Sgt. Major Donna Dunbar of Bluffton rose in the ranks of the Marines and was a successful Realtor, but tributes posted on social media over the weekend also spoke to another side as well: That she was a loving and involved parent.
And sometimes the lines between parent and Marine were not clear cut.
Dunbar died at her residence on May 16 of an acute pulmonary thromboembolus — a blood clot, in layman’s terms — according to Beaufort County deputy coroner David Ott.
She was 46 years old.
Burial with military honors will follow in Beaufort National Cemetery.
“The one thing she enjoyed most is her family,” said Napoleon Dunbar, her husband of more than 16 years. “The Marine Corps came next, and she just loved taking care of people.”
Together Donna and Napoleon are the parents of 15-year-old Gabriel and 7-year-old Doniella.
“She loved her Marines just as much as she loved her kids,” Napoleon said. “No matter what time of the day they needed her, she was there.”
The memories of Marine 1st Sgt. Cheryl Milton echo that.
“She cared more about our careers than she did her own,” Milton said. “She made us her family.”
Real estate ‘force’
Rich Reed, partner at Charter One Realty, said Donna Dunbar split her time between Bluffton and Beaufort offices as a Realtor and specialized in helping military families find homes.
“She was a force of nature, that’s for sure,” Reed said.
“We normally do not hire people who have no experience in real estate, and I remember talking with her ... and being so impressed by her,” Reed said. “To be a good Realtor, you need to know your product, be reliable, be honest. ... She was all of those things.”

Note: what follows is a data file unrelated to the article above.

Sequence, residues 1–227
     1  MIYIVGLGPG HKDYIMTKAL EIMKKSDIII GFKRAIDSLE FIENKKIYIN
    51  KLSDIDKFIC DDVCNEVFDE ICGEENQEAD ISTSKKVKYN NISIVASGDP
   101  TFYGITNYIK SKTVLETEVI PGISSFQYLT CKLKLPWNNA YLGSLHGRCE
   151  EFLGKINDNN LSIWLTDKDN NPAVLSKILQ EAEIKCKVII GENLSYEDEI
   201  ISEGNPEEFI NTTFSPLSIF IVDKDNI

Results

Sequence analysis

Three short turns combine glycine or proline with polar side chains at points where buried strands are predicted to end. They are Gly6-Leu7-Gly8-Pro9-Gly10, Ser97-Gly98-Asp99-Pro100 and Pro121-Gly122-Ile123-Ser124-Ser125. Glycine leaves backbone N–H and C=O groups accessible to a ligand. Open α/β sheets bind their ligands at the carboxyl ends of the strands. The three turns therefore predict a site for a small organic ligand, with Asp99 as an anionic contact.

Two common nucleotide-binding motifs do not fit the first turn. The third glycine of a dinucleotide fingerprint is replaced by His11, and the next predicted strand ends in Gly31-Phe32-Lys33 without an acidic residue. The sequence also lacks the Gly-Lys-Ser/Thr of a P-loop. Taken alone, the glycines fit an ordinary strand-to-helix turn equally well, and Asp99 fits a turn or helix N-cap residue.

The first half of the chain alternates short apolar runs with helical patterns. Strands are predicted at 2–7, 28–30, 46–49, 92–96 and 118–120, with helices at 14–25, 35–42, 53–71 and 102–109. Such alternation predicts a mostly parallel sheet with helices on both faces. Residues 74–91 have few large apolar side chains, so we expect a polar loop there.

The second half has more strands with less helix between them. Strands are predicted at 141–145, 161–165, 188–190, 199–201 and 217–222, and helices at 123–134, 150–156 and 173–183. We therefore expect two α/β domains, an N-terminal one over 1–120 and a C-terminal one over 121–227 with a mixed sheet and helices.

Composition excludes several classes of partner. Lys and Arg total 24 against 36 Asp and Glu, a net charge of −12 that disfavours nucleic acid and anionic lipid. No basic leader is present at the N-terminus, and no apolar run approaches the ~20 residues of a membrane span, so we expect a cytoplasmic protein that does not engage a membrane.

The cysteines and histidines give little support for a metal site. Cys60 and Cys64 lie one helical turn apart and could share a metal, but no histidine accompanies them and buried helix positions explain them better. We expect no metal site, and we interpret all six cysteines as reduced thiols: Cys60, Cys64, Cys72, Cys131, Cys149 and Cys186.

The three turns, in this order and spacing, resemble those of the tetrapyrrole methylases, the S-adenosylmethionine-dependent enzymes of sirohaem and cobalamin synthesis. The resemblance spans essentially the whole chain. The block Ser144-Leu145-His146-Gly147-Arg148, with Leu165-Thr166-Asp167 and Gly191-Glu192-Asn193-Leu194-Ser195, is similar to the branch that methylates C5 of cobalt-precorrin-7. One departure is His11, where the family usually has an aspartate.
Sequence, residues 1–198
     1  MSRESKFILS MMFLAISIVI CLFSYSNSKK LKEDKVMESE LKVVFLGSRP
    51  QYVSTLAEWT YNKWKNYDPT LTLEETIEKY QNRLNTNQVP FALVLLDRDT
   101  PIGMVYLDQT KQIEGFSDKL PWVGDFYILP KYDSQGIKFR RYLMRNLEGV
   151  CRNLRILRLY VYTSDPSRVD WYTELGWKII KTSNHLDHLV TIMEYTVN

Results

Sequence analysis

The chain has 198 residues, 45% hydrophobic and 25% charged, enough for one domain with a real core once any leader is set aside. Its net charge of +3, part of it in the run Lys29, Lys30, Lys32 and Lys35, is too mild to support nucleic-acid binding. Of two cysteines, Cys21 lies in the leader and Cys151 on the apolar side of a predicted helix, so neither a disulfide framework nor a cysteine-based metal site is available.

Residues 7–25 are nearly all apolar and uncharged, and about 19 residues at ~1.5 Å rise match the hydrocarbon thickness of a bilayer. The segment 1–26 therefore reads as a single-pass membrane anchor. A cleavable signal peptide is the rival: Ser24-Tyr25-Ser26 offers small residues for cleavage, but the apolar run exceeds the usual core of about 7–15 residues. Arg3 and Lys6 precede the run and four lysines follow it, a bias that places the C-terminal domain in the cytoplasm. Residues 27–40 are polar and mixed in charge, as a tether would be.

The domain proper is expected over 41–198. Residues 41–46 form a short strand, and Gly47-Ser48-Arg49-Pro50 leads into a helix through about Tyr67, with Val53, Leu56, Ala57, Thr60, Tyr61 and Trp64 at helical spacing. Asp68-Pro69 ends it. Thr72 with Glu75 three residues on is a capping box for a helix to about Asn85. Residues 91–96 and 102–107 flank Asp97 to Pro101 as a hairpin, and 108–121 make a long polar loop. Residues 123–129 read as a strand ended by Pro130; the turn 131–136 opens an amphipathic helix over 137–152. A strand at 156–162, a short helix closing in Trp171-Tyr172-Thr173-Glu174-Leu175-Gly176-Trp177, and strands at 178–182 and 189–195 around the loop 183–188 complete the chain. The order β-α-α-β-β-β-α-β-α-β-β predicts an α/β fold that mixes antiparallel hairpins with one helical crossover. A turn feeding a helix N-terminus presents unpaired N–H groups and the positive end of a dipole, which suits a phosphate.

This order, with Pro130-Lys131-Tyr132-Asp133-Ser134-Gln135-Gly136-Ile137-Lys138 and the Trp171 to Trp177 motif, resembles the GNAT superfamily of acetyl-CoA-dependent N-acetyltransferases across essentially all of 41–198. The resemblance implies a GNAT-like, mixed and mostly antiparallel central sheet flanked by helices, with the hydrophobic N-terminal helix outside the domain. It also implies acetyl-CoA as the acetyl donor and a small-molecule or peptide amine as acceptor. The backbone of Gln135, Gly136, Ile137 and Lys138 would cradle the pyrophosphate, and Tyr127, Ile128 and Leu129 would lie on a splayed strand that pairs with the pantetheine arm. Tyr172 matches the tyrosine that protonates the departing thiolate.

Reed said it was always easy to tell when Dunbar was in the office because she was surrounded by laughter and fun.
“She was great about getting everybody in the group involved in the conversation,” he said.
Volunteer and mentor
She was an excellent mother, Napoleon Dunbar said.
“One life touches so many hearts. She will be deeply missed,” one person posted on Facebook in response to an announcement of her death.
“She was absolutely one of a kind and will be so missed. I am so grateful that all three of my daughters had the honor of her mentorship and coaching,” commented another.
Dunbar’s mentorship was not limited to Beaufort County, nor to Marines.
Last year, she was invited to speak during Naval Leadership Weekend at the University of Notre Dame. Her speech to 250 midshipmen from across the United States stressed the importance of building a legacy and of being committed not only to one another but to their communities.
Setting an example
Dunbar served in the Marine Corps for 27 years before her retirement in 2016 at Parris Island as sergeant major, the highest rank an enlisted Marine can achieve.
In 2013, she talked about her time as a drill instructor in an article published by the Marine Corps.
“I took my career in steps, always looking to advance to the next level,” she is quoted as saying.
Milton said Dunbar was an inspiration for the drill sergeants who reported to her.
“She never came to work without looking flawless, very poised, very well put together,” Milton said. “She held us to those same standards. She set the example from the top.”
Milton said Dunbar helped them deal with personal issues and connect with their own families.
“She raised us,” Milton said. “We have to carry on her legacy. Nobody can ever take her place, but we can continue her legacy.
“I owe it to her.”